Many cos yet to scan systems or apply patches for Log4Shell

Many cos yet to scan systems or apply patches for Log4Shell
Photo Credit: Pixabay
23 Dec, 2021

Amid growing concerns that the Log4Shell vulnerability is now on the radar of ransomware actors, security experts have warned that many companies are still not taking the threat seriously.

The Log4Shell vulnerability was detected in open-source logging software Apache Log4J that is used in practically every Java-based application or web server.

Almost any company that uses Java and the logging library can be at risk, security experts warned. Awarded the highest possible severity rating of 10, the vulnerability can be exploited to carry out remote code execution (RCE) attacks.

Also read: New Log4J flaw puts 41% of Indian corporates at risk of hacks

Even after a month of detection, only 70% of organisations have scanned their assets including web applications and web servers to ensure they are not afflicted by the vulnerability, shows a new data published by cybersecurity firm Tenable Inc, yesterday.  

Experts believe that timely reaction is critical to contain the vulnerability and mitigate the risk of exploits that could trigger future ransomware attacks. 

Also read: Log4Shell on ransomware gangs’ radar, exploit attempts detected in China, the US, Europe

"Log4Shell has been identified as one of the biggest cybersecurity risks we’ve ever encountered, yet many organizations still aren’t taking action," warned Amit Yoran, CEO and Chairman at Tenable.

Yoran added, "Yet 30% of organisations (according to our data) haven’t begun assessing their environments for Log4Shell, let alone started patching."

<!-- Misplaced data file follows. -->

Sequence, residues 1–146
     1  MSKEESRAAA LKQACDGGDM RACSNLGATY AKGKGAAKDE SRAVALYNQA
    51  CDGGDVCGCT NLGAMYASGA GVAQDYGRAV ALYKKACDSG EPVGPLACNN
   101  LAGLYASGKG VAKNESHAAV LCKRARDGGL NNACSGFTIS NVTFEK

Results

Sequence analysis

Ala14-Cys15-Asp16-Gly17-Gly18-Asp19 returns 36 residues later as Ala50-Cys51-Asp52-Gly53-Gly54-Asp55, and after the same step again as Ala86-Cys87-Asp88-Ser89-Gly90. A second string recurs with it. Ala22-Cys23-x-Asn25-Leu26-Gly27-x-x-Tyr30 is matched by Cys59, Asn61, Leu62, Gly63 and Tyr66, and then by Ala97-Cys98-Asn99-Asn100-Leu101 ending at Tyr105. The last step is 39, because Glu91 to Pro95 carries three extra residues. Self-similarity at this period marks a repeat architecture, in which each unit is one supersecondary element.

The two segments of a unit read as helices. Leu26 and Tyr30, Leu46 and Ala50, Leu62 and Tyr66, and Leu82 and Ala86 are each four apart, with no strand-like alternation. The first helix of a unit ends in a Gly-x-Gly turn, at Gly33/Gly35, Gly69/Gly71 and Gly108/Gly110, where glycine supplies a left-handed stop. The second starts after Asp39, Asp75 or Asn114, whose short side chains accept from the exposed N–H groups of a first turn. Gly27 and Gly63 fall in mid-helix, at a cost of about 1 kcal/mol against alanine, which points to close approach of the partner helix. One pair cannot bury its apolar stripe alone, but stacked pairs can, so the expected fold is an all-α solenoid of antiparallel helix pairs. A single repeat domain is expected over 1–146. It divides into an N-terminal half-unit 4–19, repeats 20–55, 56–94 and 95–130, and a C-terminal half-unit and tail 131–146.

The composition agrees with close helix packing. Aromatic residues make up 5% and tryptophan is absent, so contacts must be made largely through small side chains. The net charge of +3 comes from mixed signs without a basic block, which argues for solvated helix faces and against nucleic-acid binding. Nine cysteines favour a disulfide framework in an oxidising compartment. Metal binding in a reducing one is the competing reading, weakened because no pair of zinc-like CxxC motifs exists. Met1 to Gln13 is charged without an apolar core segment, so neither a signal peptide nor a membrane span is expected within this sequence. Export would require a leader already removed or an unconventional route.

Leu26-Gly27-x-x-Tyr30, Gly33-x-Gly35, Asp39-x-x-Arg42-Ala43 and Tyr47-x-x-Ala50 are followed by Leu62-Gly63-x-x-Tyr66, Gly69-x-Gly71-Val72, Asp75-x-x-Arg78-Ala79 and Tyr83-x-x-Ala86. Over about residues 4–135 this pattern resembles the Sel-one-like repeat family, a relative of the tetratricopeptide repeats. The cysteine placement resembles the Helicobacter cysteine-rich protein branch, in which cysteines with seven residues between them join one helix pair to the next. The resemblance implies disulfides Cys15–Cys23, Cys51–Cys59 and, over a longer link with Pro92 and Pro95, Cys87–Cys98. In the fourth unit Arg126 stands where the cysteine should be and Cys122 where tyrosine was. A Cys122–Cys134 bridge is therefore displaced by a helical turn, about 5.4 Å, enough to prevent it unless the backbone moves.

After discovering issues with the initial patch to fix the vulnerability, Apache Software Foundation, the open-source web community responsible for the development of Apache software, published a second patch on December 17.   

Yoran further said that unlike vulnerabilities such as EternalBlue that led to WannaCry and many other attacks, the risk organisations face now is a lot more serious due to the wide use of Log4j in both infrastructures and applications. "No single vulnerability in history has so blatantly called out for remediation," he added.  

Candid Wuest, VP of Cyber Protection Research at Acronis, also feels that  

Log4shell is among the top five most severe vulnerabilities reported in the last decade.  

He also compared it to the EternalBlue and ShellShock Bash vulnerability.  

According to Wuest, companies should be more concerned as the vulnerability is easy to exploit remotely. Also, it takes longer to patch, as it’s not just one vulnerable software that has to be updated, but a library that’s embedded in many applications, resulting in multiple updates.  

Experts feel the situation has become even more worrisome because notorious ransomware groups such as Conti are on the trail of vulnerable applications and servers and have already made several attempts to target companies in the US and Europe using Cobalt Strike, a remote access tool that is also used for pen-testing.